Thanks LV. My husband is working on it now..we noticed only one heater hose hot. So we disconnected the A/C compressor to make sure that wasn't running; one hose was still cold. I hadn't noticed the heater valve on this car due to it's being screwed into the engine as opposed to 70's models that had it on the firewall. But now I see it. We're now pretty sure it's a clogged core as last year we did have to change the radiator as it was actually falling apart. Never saw that happen on the 70's radiators! .. So he's changing the core as we speak and I'll keep it posted how it goes with that being the problem... Thanks again (y)
 

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90 Brougham 5.7, 05 Deville DTS
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Thanks LV. My husband is working on it now..we noticed only one heater hose hot. So we disconnected the A/C compressor to make sure that wasn't running; one hose was still cold. I hadn't noticed the heater valve on this car due to it's being screwed into the engine as opposed to 70's models that had it on the firewall. But now I see it. We're now pretty sure it's a clogged core as last year we did have to change the radiator as it was actually falling apart. Never saw that happen on the 70's radiators! .. So he's changing the core as we speak and I'll keep it posted how it goes with that being the problem... Thanks again (y)
It has been some time since I had my 307 Brougham, but I think the heater control valve was located by the transmission fluid dip stick.
As the other members have suggested check out the other items as well.

good luck
 

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Discussion Starter #8
just to update - hubby changed the heater core a couple of days ago with no more than a slight bit of cursing. I even had a can of body/seam sealer laying around to reseal the cowling. It was definitely clogged, as I couldn't blow through it but the new one could be blown through easily. That control valve is also bad. And why not, if the core was full of junk why would that old valve be full of corrosion also. Quick question for anyone who knows - what does the switch/electric connection on the heater control valve do exactly? Older Cads didn't have any electric going to the valve; just vacuum.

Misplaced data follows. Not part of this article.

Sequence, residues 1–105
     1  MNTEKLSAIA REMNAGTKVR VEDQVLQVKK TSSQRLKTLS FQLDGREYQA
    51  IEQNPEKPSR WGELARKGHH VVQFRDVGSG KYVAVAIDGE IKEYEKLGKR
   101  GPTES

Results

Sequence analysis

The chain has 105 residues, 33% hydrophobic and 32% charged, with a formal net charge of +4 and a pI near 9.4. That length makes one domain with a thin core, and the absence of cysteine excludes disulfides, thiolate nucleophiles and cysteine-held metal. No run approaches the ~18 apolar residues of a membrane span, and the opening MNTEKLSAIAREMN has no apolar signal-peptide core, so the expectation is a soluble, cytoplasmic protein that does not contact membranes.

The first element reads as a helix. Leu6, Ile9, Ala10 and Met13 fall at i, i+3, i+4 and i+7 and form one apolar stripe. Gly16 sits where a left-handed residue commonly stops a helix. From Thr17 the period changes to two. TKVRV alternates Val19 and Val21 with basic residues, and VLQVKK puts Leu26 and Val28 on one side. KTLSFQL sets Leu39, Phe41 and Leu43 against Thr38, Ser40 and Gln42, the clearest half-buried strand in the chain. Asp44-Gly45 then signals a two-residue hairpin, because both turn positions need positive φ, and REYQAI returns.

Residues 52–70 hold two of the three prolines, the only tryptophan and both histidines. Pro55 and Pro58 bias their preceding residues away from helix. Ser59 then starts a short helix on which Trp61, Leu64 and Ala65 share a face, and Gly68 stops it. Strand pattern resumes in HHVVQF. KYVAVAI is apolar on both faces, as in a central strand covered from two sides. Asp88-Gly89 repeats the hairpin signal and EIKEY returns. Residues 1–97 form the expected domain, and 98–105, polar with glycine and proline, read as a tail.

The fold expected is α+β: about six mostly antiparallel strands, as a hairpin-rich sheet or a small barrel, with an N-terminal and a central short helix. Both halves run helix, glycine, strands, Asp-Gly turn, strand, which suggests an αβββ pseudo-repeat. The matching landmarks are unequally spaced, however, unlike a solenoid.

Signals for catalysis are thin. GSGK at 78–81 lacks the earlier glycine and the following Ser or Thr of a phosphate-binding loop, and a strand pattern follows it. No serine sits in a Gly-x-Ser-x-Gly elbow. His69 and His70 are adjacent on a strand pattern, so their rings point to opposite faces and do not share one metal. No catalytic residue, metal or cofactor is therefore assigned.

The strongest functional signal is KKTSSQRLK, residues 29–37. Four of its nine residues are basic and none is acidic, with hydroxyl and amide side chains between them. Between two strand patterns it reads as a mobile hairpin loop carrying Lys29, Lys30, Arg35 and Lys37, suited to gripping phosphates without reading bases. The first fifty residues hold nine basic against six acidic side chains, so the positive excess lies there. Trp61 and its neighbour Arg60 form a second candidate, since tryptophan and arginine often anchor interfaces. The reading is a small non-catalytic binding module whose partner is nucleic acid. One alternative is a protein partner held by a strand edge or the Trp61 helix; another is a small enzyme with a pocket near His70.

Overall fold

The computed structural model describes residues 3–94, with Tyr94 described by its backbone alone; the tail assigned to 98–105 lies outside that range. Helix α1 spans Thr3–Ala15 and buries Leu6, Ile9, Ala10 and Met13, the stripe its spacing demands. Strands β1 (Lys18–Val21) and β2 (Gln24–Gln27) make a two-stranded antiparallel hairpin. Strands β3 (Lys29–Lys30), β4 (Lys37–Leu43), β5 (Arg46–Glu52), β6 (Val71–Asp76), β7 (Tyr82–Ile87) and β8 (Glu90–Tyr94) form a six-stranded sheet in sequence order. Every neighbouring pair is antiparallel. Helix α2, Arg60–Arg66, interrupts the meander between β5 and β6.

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Discussion Starter #9
just wanted to thank everyone who responded to our heat problem...we got to the bottom of the problem. After changing the heater core and still no heat, we went for the heater valve. Low and behold, the valve was OK but the port entering it was clogged with old silicone. Someone back in another time, and possibly distant galaxy, got crazy with silicon on something and it got into the cooling system, clogging the port leading to the heater valve. We swapped out the valve anyway so we never have to try and get into that impossibly small work area again in the future and the heat is now so hot you could burn your hand next to the defroster. ..End of problem.. Moral of story - be judicious in the use of silicon when using it.